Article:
"It depends" is the standard consultant answer to any question. It sounds like a joke, but in fact, it is an excellent answer.
If we are involved in creating software products, our day consists of making a lot of decisions. We have to take decisions at very different levels, for various purposes, and with different importance level:
- Constant micro decisions when developing and designing software (what is the next test? should we remove this duplication? should we divide this class? what is a good name for this method? and for this module? etc.)
- Constant Architectural decisions about macro design, practices, strategies, etc.
- Sometimes estimations (or even better, how to split the features into small steps, so we don't need estimations).
- What are the optimal priorities for the next tasks to accomplish?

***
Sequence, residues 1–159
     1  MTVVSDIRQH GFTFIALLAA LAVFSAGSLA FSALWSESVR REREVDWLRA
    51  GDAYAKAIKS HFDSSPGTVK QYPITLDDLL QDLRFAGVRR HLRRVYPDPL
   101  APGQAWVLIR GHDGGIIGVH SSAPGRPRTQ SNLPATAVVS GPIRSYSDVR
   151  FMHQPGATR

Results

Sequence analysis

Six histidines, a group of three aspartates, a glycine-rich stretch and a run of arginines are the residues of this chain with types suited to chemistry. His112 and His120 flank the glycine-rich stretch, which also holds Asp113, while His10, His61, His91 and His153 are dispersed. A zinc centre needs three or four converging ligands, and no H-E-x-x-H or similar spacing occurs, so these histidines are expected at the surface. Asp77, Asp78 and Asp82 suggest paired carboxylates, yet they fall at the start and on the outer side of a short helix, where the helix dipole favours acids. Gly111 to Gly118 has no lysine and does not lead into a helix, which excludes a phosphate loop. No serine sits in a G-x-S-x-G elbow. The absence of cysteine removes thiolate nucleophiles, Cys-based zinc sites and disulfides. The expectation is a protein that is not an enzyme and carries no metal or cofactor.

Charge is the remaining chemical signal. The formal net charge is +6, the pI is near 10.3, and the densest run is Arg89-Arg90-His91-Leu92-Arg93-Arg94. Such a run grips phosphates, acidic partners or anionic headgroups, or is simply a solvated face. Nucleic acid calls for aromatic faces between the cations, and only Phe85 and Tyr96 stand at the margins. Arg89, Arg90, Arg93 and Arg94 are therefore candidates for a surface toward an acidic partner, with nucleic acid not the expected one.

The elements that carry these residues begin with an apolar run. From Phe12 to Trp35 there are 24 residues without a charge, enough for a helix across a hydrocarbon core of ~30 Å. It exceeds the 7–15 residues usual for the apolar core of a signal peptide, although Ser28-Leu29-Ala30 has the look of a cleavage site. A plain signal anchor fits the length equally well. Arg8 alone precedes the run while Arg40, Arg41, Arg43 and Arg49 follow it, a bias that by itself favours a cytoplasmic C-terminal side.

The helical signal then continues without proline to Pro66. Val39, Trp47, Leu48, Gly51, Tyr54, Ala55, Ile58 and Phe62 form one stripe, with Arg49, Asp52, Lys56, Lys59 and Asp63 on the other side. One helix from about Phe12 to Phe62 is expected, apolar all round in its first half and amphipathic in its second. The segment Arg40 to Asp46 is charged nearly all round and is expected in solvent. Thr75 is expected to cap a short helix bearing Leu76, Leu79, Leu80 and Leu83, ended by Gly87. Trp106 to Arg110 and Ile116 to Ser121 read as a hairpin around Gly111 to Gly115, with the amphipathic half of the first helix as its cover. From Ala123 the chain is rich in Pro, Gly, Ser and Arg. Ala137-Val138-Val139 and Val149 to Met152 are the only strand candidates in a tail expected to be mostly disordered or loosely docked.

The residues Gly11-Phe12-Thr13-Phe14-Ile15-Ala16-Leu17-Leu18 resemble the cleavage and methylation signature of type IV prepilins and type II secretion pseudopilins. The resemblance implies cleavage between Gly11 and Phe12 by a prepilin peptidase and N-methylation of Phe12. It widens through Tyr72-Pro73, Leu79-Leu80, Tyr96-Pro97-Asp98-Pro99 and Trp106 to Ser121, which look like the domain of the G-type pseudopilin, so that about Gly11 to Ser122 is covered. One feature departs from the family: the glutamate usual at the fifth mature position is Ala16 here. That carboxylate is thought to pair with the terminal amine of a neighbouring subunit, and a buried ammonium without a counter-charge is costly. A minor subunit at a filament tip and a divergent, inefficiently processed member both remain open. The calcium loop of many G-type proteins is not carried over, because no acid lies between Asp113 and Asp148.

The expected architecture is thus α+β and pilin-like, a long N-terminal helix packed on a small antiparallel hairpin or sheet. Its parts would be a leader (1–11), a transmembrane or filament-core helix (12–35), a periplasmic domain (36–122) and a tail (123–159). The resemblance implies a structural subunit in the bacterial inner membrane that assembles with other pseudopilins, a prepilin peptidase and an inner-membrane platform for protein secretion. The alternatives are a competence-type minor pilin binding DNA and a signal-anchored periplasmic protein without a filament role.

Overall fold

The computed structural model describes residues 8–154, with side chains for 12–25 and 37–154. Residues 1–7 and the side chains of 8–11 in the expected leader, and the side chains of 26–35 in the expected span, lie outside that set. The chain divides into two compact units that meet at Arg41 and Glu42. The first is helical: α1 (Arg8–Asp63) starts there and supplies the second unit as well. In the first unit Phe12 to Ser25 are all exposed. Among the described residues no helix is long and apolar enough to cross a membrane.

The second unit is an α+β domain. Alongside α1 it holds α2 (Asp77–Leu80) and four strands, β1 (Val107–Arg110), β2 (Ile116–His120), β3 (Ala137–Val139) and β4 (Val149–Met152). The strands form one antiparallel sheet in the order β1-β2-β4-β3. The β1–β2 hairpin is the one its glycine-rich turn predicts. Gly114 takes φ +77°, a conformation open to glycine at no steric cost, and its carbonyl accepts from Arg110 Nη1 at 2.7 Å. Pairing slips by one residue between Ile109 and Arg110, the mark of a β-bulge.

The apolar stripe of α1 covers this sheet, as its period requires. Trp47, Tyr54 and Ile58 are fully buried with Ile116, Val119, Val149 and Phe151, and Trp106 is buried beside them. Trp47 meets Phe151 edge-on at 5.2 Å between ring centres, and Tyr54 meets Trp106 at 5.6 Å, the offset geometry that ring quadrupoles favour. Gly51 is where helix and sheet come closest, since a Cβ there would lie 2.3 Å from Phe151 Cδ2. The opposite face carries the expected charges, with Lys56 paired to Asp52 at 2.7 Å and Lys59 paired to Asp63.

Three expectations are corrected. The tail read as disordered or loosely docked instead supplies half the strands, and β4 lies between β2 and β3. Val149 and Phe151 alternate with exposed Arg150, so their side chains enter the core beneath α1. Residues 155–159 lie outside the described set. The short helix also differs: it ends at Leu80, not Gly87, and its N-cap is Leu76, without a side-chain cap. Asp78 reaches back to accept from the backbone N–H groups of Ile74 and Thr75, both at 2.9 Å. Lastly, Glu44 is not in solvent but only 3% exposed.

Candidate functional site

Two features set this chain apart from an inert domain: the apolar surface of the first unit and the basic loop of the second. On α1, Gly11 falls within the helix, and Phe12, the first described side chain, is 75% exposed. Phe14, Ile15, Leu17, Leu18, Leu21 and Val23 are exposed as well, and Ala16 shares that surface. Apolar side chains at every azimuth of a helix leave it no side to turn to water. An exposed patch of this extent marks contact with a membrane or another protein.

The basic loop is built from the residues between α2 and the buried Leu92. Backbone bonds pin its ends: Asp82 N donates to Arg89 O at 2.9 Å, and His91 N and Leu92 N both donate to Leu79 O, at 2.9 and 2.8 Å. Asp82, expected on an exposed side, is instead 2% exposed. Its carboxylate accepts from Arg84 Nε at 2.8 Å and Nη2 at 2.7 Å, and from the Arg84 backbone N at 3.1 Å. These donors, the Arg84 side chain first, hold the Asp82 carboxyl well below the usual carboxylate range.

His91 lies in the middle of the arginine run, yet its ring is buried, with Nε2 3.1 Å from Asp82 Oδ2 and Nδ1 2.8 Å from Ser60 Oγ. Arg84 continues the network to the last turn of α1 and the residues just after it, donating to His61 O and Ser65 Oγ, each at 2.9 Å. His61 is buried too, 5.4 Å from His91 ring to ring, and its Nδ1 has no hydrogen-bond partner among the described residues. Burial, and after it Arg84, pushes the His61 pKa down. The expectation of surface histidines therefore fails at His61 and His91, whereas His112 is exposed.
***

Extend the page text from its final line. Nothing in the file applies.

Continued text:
- Wich experiments can we define to validate a hypothesis?
- Wich technical debt should we pay right now?
Making decisions is hard, very hard...
In my experience good tactics to make decisions in our profession are:
- Know as much as possible about the context (business, purpose, why you need to decide about this, etc.).
- Minimize the risk associated (for example pushing for reversibility when possible).
- Postpone as much as possible (to gain more awareness about the problem, the context or the risk).
- Simplify to minimize the number of decisions needed.
And here is the problem. I usually see very little awareness about the context in which we develop the software.
This lack of awareness is why we can waste a considerable amount of energy discussing dynamic typing vs. static typing, optimize runtime performance vs. developer productivity, should we use cloud/containers/microservices.
Everyone is right, or everyone is wrong, depending on our point of view.
If we don't know about the context, the decision is always wrong :)
So "it depends"!!! (on the context)